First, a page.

Preview of Coming Attractions
Over the next several months, I will be traveling across the country in search of cat stories, visiting innovative cat rescues and shelters, interviewing eccentric cat lovers, leading vets and behaviorists and so much more. To view my travel schedule and learn more about my Cat Behaviorist business, please visit http://www.thecatbehaviorist.com/ . If I will be in your area and you feel you have some interesting cat stories to share, please don't hesistate to contact me via my website.
Wednesday, February 21, 2007
Cats and Matriarchy
Occasionally, I will read two seemingly unrelated books that synthesize as profoundly connected. Last year, my favorite read of the year was Leaving Mother Lake a biographical portrait of a woman who grew up in the truly Matriarchal culture of the Moso women. Moso lake is a small region in China near the Tibetan border. Isolated by a rugged, mountainous terrain, their culture is entirely different from any other that I have encountered except for that of the cat as I read about them in Roger Tabor’s The Wild Life of the Domestic Cat, which explains the biologist’s extensive research on feral cat colonies and cultures.
In traditional Moso culture, there is no acknowledgement of fathers. There isn’t even a word for father. The family is organized around the matrilineal line (the line of the mothers). The home is usually the grandmother’s, her daughters and their children all living under one roof. Each grown woman has her own flower room; basically her bedroom where she can receive her lovers privately. When the sons and brothers mature, they move out of the main house into their own dwelling. They often travel far away in their work as herdsmen and traders. The women tend the agriculture and the home.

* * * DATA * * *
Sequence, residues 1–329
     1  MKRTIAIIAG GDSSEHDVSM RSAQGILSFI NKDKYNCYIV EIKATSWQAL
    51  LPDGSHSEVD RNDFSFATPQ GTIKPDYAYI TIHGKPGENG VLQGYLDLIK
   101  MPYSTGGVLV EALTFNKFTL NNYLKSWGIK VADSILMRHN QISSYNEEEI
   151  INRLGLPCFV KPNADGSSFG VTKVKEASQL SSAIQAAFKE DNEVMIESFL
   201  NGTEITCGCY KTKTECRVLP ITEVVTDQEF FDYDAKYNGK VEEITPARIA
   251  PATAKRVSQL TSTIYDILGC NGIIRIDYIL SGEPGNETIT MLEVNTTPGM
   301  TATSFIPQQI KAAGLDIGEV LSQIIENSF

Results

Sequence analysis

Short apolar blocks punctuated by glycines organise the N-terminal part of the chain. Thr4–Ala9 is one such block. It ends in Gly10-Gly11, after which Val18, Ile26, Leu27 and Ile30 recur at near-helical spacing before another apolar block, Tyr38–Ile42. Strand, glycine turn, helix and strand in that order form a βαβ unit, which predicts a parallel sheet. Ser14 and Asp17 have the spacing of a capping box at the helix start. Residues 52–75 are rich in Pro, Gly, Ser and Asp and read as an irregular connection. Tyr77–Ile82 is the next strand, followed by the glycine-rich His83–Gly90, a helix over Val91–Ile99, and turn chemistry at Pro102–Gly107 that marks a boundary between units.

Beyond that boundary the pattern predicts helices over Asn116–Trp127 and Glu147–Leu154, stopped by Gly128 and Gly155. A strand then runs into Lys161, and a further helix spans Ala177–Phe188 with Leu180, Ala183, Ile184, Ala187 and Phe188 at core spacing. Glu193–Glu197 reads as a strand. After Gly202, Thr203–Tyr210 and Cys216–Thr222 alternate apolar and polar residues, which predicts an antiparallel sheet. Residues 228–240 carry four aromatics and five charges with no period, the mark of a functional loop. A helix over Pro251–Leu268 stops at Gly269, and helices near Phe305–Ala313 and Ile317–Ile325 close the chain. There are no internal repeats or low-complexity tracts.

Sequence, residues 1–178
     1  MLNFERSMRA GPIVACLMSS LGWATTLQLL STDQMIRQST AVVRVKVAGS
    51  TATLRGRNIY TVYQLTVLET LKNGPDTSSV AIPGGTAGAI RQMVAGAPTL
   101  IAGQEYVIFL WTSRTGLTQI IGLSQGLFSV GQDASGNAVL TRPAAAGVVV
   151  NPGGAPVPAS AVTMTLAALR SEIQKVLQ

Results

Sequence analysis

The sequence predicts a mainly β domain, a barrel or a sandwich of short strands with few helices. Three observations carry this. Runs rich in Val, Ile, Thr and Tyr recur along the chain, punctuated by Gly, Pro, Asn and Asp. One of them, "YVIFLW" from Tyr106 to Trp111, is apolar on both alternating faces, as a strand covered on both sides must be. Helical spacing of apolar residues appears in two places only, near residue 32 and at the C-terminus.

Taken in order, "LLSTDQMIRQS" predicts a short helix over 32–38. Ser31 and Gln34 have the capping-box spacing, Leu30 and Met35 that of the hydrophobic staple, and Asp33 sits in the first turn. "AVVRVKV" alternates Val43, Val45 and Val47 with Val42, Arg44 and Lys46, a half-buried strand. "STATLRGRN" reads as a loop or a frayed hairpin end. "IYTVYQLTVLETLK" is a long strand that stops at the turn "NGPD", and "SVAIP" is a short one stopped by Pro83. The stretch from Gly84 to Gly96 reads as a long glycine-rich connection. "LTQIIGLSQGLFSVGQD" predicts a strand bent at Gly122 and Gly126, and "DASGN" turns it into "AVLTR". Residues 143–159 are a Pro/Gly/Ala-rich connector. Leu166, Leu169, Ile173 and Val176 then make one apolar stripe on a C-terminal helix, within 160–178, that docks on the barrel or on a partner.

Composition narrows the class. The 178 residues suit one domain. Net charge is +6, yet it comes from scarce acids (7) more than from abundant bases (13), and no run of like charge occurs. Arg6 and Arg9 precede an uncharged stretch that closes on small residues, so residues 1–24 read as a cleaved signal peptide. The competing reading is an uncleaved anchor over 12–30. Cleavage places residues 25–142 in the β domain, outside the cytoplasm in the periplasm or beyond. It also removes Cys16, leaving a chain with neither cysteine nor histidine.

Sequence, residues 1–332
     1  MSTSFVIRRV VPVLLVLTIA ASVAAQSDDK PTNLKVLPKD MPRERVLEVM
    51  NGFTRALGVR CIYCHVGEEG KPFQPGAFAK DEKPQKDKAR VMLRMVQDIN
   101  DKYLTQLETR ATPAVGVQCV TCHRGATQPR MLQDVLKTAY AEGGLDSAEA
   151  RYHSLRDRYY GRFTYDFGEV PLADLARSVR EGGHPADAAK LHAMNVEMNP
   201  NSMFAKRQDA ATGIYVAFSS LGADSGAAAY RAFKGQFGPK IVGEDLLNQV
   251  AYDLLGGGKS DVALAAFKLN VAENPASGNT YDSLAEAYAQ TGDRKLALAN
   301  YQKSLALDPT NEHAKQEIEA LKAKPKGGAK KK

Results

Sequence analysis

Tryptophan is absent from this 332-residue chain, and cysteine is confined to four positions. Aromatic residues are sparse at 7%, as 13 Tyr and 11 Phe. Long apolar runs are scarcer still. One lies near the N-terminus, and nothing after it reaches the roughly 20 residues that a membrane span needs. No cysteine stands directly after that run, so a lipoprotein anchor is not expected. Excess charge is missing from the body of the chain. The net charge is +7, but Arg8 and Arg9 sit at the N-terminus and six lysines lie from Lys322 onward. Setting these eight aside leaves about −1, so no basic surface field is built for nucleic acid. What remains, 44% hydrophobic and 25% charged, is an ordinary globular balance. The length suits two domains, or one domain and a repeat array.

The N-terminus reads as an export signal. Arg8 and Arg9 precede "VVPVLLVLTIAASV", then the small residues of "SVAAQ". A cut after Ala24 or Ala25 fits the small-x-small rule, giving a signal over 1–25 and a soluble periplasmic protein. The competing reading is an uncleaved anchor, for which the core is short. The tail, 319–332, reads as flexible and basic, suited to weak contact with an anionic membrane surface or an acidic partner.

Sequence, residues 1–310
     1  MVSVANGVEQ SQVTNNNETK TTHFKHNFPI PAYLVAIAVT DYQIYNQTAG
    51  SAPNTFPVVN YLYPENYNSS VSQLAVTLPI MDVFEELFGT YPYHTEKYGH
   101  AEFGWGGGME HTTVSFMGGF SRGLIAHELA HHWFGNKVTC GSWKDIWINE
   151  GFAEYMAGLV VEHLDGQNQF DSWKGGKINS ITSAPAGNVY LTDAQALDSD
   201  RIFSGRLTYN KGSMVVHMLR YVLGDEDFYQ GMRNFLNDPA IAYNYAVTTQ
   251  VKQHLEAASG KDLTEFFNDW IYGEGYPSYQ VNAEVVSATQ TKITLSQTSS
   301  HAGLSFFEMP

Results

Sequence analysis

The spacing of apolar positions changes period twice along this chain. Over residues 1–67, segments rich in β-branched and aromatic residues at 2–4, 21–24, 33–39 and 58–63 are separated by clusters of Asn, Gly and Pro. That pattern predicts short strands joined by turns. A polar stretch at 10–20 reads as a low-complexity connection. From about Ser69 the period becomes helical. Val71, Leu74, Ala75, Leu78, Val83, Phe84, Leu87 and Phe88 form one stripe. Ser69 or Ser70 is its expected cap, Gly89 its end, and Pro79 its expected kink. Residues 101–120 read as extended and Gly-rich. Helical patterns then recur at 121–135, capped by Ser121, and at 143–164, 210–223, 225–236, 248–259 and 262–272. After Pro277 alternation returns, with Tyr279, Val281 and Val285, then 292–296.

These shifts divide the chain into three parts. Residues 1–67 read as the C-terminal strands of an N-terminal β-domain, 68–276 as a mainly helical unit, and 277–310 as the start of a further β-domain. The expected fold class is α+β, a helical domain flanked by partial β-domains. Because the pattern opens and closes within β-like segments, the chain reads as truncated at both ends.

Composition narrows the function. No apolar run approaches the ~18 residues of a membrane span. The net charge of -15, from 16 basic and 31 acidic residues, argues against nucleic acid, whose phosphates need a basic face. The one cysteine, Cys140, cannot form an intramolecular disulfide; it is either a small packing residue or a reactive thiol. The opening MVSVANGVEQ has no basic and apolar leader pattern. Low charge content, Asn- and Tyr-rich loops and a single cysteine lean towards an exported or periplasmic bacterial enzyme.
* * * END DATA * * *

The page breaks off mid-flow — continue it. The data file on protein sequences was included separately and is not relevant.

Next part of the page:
Uncles and brothers perform all the traditional support roles of a man in the family, except for sex. Incest is highly taboo. Men and women are free to engage in non-monogamous relationships based on mutual desire with a great deal of freedom, only not within the family. Thus the family bond is based on blood rather than romantic love or forced marriage. The Moso believe that love comes and goes like the seasons and find the idea of basing the stability of the family on such a sensation very precarious indeed.
Sisters share childrearing duties, including nursing. The arrangements are very egalitarian from house grouping to house grouping. Amongst themselves, the Moso are not very territorial but they are known to distinguish one family as the social pariah of the community and they are not always welcoming to people from other cultures.
I am by no means an expert on Moso culture, but reading Leaving Mother Lake not only excited my imagination about the variety of ways that humans can organize themselves. It also excited me because so many of the social structures where identical to that of the cat, leading me to the exciting conclusion that the domesticated cat is a matriarchal creature in its social organization.
Why do I think this? First of all, let me be clear about one thing. The domestic cat is NOT a solitary animal. The domestic cat is also NOT a dog. Cats are neither the aloof individualists they are misrepresented as, nor are they pack animals. The ancestors of the domestic cat are solitary animals, but the domestic cat has evolved into a social animal. They still hunt alone, (unlike dogs who hunt in packs, and thus organize their entire hierarchy around this survival practice) cats congregate for social reasons. For companionship, mating and security, and around a common food source.